By late 1954, the Hi-Lo’s had left Trend and signed a new deal with Starlite Records where they were fortunate enough to have their orchestrations arranged and conducted by Frank Comstock. Under Comstock, the Starlite sessions were recorded at Goldstar and Capitol studios in Hollywood. "Those were certainly exciting sessions and they were done very quickly, with no overdubs," Frank Comstock recalls today. "Every minute of studio time was utilized, and we would easily finish an album in three days, perhaps recording four songs a day during that time. I think that's what makes those records sound so fresh and exciting today." Clark Burroughs elaborates, "Gene would write the vocal arrangements, and then Frank would write orchestra parts to complement Gene's arrangements. It was actually very simple."
In 1957 the Hi-Lo's signed with Columbia Records, where they continued their vocal harmony legacy with orchestras led by Frank Comstock, Warren Barker, Frank de Vol and Marty Paich. In 1959, Bob Strasen left the Hi-Lo’s and was replaced by tenor Don Shelton.
The Hl-LO's were also extremely popular on variety television, and appeared on, among others, the Steve Allen show (6 episodes), the Rosemary Clooney show (39 episodes!), Swing Into Spring with Peggy Lee, The Nat “King” Cole Show, The Garry Moore Show, a Frank Sinatra Special, The Bell Telephone Hour's Main Street U.S.A. and the Pat Boone show.
The early 1960’s found the Hi-Lo’s signed to Frank Sinatra's Reprise Records, where they continued their unique and innovative sound until they disbanded in 1964.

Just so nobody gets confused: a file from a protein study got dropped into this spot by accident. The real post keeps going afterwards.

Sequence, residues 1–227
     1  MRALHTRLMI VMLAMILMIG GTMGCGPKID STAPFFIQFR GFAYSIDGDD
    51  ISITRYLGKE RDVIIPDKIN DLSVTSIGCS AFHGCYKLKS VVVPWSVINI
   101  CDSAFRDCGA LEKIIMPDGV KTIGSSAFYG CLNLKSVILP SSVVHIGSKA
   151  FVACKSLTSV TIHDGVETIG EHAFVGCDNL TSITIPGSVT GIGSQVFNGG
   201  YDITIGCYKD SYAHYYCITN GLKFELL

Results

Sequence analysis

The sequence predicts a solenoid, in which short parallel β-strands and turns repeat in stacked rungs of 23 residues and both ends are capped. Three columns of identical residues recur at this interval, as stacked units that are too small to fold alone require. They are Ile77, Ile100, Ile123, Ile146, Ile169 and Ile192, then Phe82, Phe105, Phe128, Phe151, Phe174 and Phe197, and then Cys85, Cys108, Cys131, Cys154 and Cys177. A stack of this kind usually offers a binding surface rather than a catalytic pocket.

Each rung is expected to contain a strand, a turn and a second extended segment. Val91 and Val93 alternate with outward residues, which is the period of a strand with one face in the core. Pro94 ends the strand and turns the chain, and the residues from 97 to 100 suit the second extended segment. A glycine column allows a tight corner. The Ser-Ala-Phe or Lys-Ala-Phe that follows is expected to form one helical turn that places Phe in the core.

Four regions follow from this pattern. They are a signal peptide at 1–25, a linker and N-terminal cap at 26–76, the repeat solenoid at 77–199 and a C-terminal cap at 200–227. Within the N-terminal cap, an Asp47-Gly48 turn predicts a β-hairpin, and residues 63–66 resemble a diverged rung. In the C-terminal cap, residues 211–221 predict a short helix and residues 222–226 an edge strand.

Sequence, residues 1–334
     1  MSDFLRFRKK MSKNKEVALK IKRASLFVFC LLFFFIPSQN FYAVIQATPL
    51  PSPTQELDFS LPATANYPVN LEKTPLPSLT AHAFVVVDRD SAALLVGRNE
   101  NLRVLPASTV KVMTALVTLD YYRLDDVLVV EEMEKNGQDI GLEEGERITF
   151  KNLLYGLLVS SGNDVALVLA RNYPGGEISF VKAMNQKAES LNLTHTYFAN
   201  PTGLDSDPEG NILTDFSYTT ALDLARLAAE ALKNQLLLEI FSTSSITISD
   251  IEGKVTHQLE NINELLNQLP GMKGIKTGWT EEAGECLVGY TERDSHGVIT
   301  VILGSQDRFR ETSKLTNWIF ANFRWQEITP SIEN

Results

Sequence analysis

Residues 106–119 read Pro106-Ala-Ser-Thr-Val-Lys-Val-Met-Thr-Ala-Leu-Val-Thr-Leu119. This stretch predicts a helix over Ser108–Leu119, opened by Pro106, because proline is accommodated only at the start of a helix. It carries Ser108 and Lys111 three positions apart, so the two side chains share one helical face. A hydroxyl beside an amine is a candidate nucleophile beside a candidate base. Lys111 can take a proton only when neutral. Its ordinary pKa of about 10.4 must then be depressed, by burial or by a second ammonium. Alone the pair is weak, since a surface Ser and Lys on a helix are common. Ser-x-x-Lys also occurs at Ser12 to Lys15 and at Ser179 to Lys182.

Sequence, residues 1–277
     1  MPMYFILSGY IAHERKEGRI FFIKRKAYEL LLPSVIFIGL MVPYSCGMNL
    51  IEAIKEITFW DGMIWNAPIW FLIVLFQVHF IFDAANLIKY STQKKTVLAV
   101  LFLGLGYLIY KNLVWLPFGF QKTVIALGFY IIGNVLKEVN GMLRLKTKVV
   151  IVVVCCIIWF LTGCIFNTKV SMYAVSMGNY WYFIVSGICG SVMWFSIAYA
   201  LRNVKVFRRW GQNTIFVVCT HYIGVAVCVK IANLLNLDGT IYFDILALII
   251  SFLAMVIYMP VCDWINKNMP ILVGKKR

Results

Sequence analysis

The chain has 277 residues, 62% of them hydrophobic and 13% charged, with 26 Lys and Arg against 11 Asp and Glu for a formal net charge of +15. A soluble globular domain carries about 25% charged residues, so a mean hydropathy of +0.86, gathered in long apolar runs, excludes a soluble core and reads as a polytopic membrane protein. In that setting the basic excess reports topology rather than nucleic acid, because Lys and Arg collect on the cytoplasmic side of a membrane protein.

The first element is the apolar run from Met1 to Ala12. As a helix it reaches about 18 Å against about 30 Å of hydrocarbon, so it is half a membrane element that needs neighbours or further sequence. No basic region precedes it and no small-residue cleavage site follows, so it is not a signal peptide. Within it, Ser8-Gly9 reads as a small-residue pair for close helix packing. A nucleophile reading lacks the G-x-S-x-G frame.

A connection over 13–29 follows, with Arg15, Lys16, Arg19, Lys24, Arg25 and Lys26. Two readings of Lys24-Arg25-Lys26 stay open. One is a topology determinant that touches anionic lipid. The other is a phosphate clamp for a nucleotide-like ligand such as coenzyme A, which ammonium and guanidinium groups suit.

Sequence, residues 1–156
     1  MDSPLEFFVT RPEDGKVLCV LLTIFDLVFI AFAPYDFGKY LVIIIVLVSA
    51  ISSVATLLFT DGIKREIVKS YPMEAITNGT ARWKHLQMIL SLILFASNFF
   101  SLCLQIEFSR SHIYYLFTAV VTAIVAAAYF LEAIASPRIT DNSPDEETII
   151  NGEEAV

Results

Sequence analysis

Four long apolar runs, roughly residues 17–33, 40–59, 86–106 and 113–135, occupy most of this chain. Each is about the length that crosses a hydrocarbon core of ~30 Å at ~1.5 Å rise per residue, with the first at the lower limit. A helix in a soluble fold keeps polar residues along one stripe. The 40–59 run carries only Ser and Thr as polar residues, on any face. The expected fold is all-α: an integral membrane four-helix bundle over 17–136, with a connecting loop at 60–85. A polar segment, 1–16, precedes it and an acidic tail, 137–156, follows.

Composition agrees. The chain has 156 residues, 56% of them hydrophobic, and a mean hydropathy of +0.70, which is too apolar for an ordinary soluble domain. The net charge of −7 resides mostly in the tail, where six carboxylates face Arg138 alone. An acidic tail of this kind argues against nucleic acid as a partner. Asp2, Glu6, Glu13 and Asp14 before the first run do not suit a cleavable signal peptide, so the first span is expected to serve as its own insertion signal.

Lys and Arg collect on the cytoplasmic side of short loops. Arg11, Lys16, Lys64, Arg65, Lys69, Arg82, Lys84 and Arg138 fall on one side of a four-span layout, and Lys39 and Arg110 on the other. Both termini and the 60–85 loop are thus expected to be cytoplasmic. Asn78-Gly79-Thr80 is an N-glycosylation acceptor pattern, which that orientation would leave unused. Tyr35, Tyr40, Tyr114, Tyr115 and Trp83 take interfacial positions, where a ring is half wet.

In 1967, Gene Puerling and Don Shelton former The Singers Unlimited with Bonnie Herman and Len Dresslar and began a new era for vocal harmony work with the use of studio overdubbing.
The Hi-Lo’s reunited and performed at the 21st Annual Monterey Jazz Festival in 1978 and recorded a pair of inspired albums for the MPS label in 1979 and 1981.

The following video features The Hi-Lo’s performing Marty Paich’s arrangement of Of Thee I Sing.

1 comment:

  1. great article, Steve, about this super vocal group - they deserve much wider recognition for what they achieved and stood for. And good to see mention of Clare Fischer's often overlooked contribution this group. He was not just their piano player but was influential in their arrangements. The brilliant Don Shelton of course was also a longstanding contributor to Clare's music on clarinet and several saxophones, on and off over five decades.
    Simon P